EU's brilliant idea: Why not use 'peace fund' to buy arms
BRUSSELS: The EU wants to pay for military equipment, including lethal weaponry, for partner countries in crisis zones such as Africa's Sahel region as part of a 10.5 billion euro ($12.4 billion) "peace facility" launched on Wednesday.
The bloc says the new European Peace Facility (EPF) is needed to make its training missions in three African countries more effective and to enable it to contribute to peacekeeping efforts elsewhere in the world.
But the EU paying for arms is a sensitive issue for some member states, especially when it involves countries with histories of political unrest and human rights abuses, and there could be resistance to the proposal.
The new EPF is being kept separate from the main EU budget to get around the bloc's rules against funding military projects.
The EU's diplomatic chief Federica Mogherini said the EPF, which needs approval by all of the bloc's member countries, would make it easier to help stabilise restive countries like Mali, Somalia and the Central African Republic.
"The world is living in difficult times and this calls for a European Union responsibility and role on the global scene," Mogherini said.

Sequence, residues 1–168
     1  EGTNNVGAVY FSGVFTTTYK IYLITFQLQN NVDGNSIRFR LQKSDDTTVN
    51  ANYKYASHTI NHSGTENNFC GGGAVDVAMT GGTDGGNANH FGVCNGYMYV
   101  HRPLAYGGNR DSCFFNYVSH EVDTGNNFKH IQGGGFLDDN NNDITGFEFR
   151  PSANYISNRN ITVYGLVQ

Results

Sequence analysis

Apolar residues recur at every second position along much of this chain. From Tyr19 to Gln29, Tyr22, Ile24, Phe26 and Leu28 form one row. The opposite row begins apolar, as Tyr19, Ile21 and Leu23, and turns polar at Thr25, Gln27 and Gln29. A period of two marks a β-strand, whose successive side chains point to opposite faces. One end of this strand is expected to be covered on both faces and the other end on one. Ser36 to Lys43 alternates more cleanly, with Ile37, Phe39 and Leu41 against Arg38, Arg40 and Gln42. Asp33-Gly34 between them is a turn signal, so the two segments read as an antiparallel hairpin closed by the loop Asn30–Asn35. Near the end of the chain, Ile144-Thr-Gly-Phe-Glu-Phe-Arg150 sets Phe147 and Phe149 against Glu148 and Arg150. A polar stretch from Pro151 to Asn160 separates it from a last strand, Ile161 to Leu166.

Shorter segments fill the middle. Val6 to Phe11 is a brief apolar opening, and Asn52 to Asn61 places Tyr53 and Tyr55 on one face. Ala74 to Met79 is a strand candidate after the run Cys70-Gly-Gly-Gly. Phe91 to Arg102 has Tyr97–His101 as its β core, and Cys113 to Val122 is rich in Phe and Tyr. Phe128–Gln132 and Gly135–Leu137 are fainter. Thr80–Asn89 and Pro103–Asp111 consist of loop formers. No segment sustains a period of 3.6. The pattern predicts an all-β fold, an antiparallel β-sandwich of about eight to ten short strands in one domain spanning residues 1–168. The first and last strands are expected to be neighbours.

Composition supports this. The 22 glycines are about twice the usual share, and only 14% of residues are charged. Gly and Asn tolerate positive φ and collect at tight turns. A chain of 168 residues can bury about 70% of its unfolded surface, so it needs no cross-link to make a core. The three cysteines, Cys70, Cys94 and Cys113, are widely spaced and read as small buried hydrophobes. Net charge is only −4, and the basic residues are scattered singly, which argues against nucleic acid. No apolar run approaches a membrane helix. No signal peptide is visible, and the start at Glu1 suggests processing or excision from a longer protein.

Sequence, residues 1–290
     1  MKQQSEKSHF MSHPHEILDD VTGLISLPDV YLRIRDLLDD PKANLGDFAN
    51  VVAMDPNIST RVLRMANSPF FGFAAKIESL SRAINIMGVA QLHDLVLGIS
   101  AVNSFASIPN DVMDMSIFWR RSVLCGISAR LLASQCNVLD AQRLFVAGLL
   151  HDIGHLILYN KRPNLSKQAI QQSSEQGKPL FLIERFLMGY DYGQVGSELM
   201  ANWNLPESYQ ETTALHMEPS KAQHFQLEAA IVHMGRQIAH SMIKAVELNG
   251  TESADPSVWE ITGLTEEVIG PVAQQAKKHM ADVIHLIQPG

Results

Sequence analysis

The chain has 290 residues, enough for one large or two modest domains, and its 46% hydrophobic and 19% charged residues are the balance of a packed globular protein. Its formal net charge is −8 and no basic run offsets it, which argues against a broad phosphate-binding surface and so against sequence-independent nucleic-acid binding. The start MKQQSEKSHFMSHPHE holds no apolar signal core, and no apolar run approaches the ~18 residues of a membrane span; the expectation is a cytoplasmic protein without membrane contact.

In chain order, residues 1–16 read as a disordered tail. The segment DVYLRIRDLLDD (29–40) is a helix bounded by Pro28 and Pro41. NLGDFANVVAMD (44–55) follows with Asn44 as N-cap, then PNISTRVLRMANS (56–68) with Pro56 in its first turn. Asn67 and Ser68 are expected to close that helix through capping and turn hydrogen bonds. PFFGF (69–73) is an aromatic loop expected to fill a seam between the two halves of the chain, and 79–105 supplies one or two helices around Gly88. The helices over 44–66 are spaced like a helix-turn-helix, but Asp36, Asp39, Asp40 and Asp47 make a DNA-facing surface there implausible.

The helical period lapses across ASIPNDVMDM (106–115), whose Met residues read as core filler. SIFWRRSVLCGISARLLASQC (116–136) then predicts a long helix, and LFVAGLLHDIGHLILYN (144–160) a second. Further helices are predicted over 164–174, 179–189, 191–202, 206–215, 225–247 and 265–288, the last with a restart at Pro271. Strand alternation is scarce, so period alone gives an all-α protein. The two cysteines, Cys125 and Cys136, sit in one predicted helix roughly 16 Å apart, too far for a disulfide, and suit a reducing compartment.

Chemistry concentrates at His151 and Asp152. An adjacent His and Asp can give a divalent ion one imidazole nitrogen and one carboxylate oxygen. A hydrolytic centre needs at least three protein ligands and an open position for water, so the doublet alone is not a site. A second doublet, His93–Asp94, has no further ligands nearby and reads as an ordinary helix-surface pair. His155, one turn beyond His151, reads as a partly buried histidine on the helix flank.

"Both Europeans and our partners in the world expect the EU to be more and more a security provider in our region and beyond."
The proposal, made by the European Commission, the bloc's powerful executive arm, would see partner countries given "comprehensive support", which officials said could include weapons.
Decisions about what to spend EPF money on would be taken by member states themselves, through the European Council.
An EU official said that any decision to pay for weapons would take into account the bloc's human rights values and only in "very specific cases and after careful checking".
Arms would only be provided as part of a package alongside training, and would not be the main focus of the EPF funding, the official said.
The fund hopes to improve the effectiveness of the EU's training missions in Africa.
The official pointed to the Somalia operation, where in some cases local forces have been unable to apply the training they have received because of a lack of equipment as basic as proper boots.